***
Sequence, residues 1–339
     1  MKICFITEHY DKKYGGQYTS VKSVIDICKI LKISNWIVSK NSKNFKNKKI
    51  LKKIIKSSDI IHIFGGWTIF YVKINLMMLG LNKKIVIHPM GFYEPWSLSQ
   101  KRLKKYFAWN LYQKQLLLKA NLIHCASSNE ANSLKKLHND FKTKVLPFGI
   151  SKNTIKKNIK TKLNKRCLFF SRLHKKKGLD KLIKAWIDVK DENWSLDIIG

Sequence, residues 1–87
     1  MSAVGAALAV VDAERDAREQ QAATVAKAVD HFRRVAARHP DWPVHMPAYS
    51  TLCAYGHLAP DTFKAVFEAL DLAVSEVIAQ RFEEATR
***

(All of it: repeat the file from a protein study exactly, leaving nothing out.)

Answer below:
Sequence, residues 1–339
     1  MKICFITEHY DKKYGGQYTS VKSVIDICKI LKISNWIVSK NSKNFKNKKI
    51  LKKIIKSSDI IHIFGGWTIF YVKINLMMLG LNKKIVIHPM GFYEPWSLSQ
   101  KRLKKYFAWN LYQKQLLLKA NLIHCASSNE ANSLKKLHND FKTKVLPFGI
   151  SKNTIKKNIK TKLNKRCLFF SRLHKKKGLD KLIKAWIDVK DENWSLDIIG

Sequence, residues 1–87
     1  MSAVGAALAV VDAERDAREQ QAATVAKAVD HFRRVAARHP DWPVHMPAYS
    51  TLCAYGHLAP DTFKAVFEAL DLAVSEVIAQ RFEEATR